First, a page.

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The [Wednesday] Papers

Editor's Note: Today I hand the Papers column over to Mike Conklin. Also new on the site today: Dan O'Shea's always excellent Fantasy Fix, and Takin' Care of Schaumburg Plus, a Pritzker Pavilion treat below.

By Mike Conklin

Is it over? Are we done? At first, it seemed as if we were fed excessive Woodstock Music Festival goulash this year. Then, I did the math: The anniversary year is divisible by five. Whenever the media looks back on an event, it will not get excited or consider it significant unless the expired years are divisible by five or, better yet, ten - 15, 20, 25, or, in the case with Woodstock this time, 40. The 38th or 39th anniversary of Woodstock? Sorry, no way were those years as important as the 40th!!! Mark your calendars now for the 45th anniversary in 2014 and a really big blowout in 2019.

If an event is cataclysmic enough, say 9/11 or Pearl Harbor, and there was plenty of death and good art, there are annual retrospectives produced by the media. These will spike in size and volume whenever they hit a five-year mark. The stock market crash, the Bears' Super Bowl win, the Watergate break-in, the '68 Democratic convention, and the JFK, RFK and Martin Luther King assassinations pretty much have been relegated to 10-year retros.

In 1995, on its 50th anniversary, the dropping of an atom bomb on Japan set off all sorts of media alarm bells, most of it dominated by revisionist historians. I haven't heard much about Hiroshima and Nagasaki since then in the mainstream press. I'm guessing we'll have to wait for the 75th anniversary in 2020 for the next, big round of distant replay.

These stories have become journalism's most tired, predictable cliche packages: a mix of pictures, eyewitness accounts, excerpts from a new book, and perspectives from academia. One of my favorite comments in this year 's Woodstock blitz came in Newsday from a college professor, who said: "Woodstock really was the end of an era - the '60s - which brought about the sexual revolution, civil rights, Native American rights, birth control, divorce, women's rights, the idea of living off the land and rejecting consumerism."

Whew. That's a lot to be packed into one August weekend. Fact is, much of what people attribute to the 60s happened in the 70s. As history, Woodstock is significant only in that it boosted a few musical careers. And guess what? Young Americans have been motivated and stamped by their music long before rock. They marched off to fight the British to memorable tunes played with fifes and drums, but no "film at 10" on that one.

The social importance of Woodstock is a myth propagated by entertainment and media industries that continue to make money off a legacy they created. The concert rates high on the list of seminal events simply because it occurred near New York City. This meant the country's most powerful TV mediums had great footage for the evening news.

If the concert had occurred in Colorado, Oregon, or Arizona, we would never have known about it. The networks and wire services are not partial to big events in western time zones. This makes it more difficult to hit deadlines and edit film.

Woodstock certainly did not change one socially redeemable thing that I know of, and that was my "generation" in the concert's mud and goo in New York. Some would argue it was not even the best concert - music-wise - that occurred that year. You'll get a good argument from some Southern Illinois alums that a Simon & Garfunkel appearance later that year in Carbondale, which produced five songs that were recorded and part of an album, was pretty darned good.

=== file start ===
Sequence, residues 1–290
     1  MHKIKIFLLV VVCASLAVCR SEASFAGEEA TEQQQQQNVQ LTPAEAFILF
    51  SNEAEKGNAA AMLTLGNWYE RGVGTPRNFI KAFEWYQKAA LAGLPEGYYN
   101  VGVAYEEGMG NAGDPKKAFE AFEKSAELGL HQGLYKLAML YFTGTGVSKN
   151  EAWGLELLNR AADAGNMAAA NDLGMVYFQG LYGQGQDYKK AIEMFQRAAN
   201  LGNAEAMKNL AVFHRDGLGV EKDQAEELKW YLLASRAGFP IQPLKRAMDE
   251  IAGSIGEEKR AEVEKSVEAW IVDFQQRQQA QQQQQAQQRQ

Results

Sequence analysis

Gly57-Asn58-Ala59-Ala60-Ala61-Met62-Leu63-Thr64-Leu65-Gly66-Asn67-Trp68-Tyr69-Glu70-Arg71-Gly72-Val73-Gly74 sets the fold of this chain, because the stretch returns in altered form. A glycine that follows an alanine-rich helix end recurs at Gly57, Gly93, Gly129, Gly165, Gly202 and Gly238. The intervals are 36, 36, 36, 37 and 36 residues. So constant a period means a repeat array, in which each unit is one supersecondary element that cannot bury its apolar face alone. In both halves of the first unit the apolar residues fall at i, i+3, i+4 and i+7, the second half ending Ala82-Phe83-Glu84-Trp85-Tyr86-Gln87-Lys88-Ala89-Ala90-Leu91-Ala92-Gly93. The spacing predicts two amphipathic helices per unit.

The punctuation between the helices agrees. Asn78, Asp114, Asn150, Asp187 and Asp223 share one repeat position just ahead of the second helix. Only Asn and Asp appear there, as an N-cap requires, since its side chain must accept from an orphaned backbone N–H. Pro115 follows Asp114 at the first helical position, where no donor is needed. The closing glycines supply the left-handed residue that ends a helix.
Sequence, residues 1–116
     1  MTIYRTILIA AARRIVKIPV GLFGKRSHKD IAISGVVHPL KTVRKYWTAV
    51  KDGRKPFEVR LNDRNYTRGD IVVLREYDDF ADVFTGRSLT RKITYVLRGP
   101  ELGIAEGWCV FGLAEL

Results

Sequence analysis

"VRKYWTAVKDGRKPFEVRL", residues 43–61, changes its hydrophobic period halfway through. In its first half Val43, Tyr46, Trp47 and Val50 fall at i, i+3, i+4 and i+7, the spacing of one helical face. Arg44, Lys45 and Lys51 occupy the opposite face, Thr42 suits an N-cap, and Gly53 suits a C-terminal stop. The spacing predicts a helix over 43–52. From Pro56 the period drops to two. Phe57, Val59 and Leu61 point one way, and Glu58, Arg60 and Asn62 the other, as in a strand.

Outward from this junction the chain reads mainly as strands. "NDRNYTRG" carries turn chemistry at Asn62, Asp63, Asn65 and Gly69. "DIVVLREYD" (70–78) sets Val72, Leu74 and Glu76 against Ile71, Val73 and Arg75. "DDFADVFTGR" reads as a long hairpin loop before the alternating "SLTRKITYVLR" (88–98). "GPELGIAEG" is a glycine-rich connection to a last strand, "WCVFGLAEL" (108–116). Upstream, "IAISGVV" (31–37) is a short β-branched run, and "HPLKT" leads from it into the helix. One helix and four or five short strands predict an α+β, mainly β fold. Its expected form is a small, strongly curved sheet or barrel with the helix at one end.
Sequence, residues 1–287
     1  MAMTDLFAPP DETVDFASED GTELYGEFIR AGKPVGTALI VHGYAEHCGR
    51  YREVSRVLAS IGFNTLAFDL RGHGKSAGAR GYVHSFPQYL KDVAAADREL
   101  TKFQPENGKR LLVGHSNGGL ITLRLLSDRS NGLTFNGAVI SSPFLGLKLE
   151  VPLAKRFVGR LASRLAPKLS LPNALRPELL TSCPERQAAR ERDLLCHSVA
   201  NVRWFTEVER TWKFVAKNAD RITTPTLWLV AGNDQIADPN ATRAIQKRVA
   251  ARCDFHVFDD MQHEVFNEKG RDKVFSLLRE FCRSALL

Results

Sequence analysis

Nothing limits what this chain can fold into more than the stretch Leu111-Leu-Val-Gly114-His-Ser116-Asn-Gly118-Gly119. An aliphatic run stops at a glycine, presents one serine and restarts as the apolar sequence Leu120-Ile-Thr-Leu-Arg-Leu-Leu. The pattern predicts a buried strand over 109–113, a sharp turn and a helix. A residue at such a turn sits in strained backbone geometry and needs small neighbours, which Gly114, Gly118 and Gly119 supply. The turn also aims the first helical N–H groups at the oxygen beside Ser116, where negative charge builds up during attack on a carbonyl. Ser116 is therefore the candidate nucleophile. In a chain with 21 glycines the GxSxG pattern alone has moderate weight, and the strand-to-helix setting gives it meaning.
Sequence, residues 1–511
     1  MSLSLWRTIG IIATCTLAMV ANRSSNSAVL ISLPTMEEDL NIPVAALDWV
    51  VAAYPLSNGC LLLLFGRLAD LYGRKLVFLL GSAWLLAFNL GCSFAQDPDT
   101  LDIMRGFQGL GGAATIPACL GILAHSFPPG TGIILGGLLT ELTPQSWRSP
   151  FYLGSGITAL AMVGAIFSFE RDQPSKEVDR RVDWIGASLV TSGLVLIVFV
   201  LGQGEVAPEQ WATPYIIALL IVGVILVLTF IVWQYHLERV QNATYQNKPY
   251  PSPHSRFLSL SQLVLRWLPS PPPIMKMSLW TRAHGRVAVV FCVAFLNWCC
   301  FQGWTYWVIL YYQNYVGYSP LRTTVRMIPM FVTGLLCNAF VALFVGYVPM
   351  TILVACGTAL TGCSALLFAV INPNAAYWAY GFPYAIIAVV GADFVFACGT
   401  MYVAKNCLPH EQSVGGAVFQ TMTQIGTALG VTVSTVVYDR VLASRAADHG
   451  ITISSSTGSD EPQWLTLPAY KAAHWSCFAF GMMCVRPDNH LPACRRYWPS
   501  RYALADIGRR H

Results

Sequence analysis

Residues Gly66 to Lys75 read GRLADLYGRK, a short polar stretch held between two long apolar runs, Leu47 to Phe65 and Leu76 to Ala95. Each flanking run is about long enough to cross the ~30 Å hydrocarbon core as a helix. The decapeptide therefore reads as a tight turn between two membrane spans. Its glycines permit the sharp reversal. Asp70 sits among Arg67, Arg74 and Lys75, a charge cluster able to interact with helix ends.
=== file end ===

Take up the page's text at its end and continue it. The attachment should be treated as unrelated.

In the 60s, I held my share of placards, did a little marching, and worked for Gene McCarthy, but I have yet to meet one person - some of whom were there - who thought Woodstock was important; fun, but certainly not some great symbol of a changing America.

The real significance of Woodstock and the barrage of retrospectives emanating from it, to me, is this: It serves as prime evidence how starved editors and producers are for ideas. Quite possibly it has become the No. 1 example for shallow, reflex-action coverage meant to appeal to baby boomers.

It is not important journalism and it certainly is not serious history. In fact, there was a much more important chapter in our American past being written the same weekend of the Woodstock Festival in New York.

This was Hurricane Camille, one of only three Class 5 hurricanes to hit the U.S. mainland in the 20th Century. This horrible storm, which killed 259 persons, belted the Louisiana area at the same time rock fans were sliding - but not dying - in the Woodstock mud. Camille was the last, big killer hurricane to hit that area before Katrina struck Louisiana and Mississippi in 2005.

And just think: If the media had been running retrospectives on truly important events like this all these years, maybe the federal government would've been alert and better prepared - and could've saved some of those 1,200 or so people who perished. Guess we'll have to wait until 2010, when Katrina notes its fifth anniversary to learn more.

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The Beachwood Tip Line: Retro active.




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Posted on August 12, 2009


MUSIC - The Weekend In Chicago Rock Including Riot Fest Highlights.
TV - No Rehabilitating Vietnam.
POLITICS - Rauner Vetoes Online Privacy.
SPORTS - Coffman: Cooper's Blooper Not As Bad As You Think.

BOOKS - Quimby's Adult Thrillers!

PEOPLE PLACES & THINGS - Chicagoetry: Black Jeans In White Tel Aviv.


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